Eve was the first person to think that forbidden fruit might taste a lot better than the options on the PERMITTED list. And look what happened!
Human nature seems to dictate that we take delight in things that are naughty. Who didn’t want to go into the nearby orchard and pick a few apples even though there were some at home in the kitchen? We all did such things as kids, and most of us seem to have survived the perils
A recent study reported in the Journal of Marketing demonstrates this human propensity for making conscious decisions that adversely affect our well-being. In one study, people were told about “good fat” and how “bad fat” clogs arteries. In the test, the subjects rated higher the taste of the one they were told was unhealthy. In another taste test of an unfamiliar drink, the ones who were told that it wasn’t very healthy rated the taste higher than those who thought the drink was a healthy product.
That means that peoples’ perception of the taste was influenced by their intuitive feelings about the food, not the actual taste. I’d be the first one to agree that there are foods loaded with fat, calories, and cholesterol that aren’t healthy all, but they sure taste great. I also have tried some strange foods my wife brought home from the Health Food Store that I thought were unappealing, to put it lightly. But I wasn’t aware of this bias, and I may have it too.
I wonder about people gorging themselves on unhealthy foods at a fast food joint. I wonder why they are doing something that, for many of them, is inherently dangerous. They must have seen the warnings but those are just not strong enough to overcome the accumulated strength of behavioral habit and this unhealthy intuition to crave what is bad.
What does this have to do with mortgages? Well, I am often astonished at the large number of people who select stupid loans, ones that carry unnecessary risk. We have been warning homebuyers of Option ARMs for several years now, yet they continue to be very popular. Maybe it’s like warning people about the unhealthy food.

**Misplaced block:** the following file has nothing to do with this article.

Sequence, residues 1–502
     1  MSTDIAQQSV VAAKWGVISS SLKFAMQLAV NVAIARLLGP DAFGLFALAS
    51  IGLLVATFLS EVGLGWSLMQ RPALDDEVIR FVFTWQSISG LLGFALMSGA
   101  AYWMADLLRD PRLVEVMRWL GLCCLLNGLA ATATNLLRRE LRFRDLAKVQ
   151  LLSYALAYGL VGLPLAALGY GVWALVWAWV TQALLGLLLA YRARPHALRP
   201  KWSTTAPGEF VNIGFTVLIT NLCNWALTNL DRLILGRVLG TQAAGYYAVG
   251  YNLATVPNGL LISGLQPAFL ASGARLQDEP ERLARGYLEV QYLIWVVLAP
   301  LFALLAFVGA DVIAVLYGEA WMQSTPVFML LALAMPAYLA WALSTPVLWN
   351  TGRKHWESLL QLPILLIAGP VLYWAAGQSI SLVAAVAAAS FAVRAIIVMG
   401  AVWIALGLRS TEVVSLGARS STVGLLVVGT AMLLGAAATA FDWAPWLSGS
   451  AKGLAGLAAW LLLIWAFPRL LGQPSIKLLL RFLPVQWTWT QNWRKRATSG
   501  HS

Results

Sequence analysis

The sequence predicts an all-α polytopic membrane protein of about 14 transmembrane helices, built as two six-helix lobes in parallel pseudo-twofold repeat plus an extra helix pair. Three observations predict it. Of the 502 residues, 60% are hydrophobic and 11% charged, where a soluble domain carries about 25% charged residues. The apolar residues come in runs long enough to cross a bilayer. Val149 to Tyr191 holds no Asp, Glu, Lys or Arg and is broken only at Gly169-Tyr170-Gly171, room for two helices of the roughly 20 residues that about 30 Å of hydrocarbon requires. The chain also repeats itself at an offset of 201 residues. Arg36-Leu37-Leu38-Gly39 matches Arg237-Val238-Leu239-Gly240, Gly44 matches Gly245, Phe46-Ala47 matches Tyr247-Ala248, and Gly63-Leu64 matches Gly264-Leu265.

In this case, of course, you don’t have people in a rational processing environment where an unbiased expert is helping them; you have a highly trained salesman who is pushing his “feel good” loan. Sadly, the guy who urges caution and who takes customers’ interests at heart isn’t going to be called in for a second opinion.
For a long while, I thought that some people just enjoyed living close to the edge. I also thought that maybe it’s because they see so many other people choosing the same type of loan and they think it’s good for them too. There is no doubt that popularity has a strange allure. I’ve never understood that. And now we hear about this research that suggests this inborn intuition may have more control over their decision-making process than people would ever acknowledge.
With this research in mind, I think that it is easier to understand why people act as they do. The fact is that most of us are not always aware of our own emotional biases. But there are marketing types who DO understand these biases; that’s how they make a living. They are the people who put together the sales pitches to sell calorie-laden soft drinks, fat-laden French fries, and, you guessed it, Option ARM loans. And I can assure you that those sales pitches work.
When you get a mortgage, you need to avoid getting into that kind of situation. It is really helpful to understand that you may be vulnerable to a sales pitch that is based upon the assumption that you are likely to be tempted.
d and convinced into eating some forbidden fruit. That can get you into a loan that is contrary to your best interests.Every client brings a unique set of circumstances and goals to the table. It is far better to avoid the sales pitch and instead go to an unbiased advisor who can help you make your decisions based upon what will best help you meet your long-term goals.
A high credit score often equals savings on loans and credit cards.
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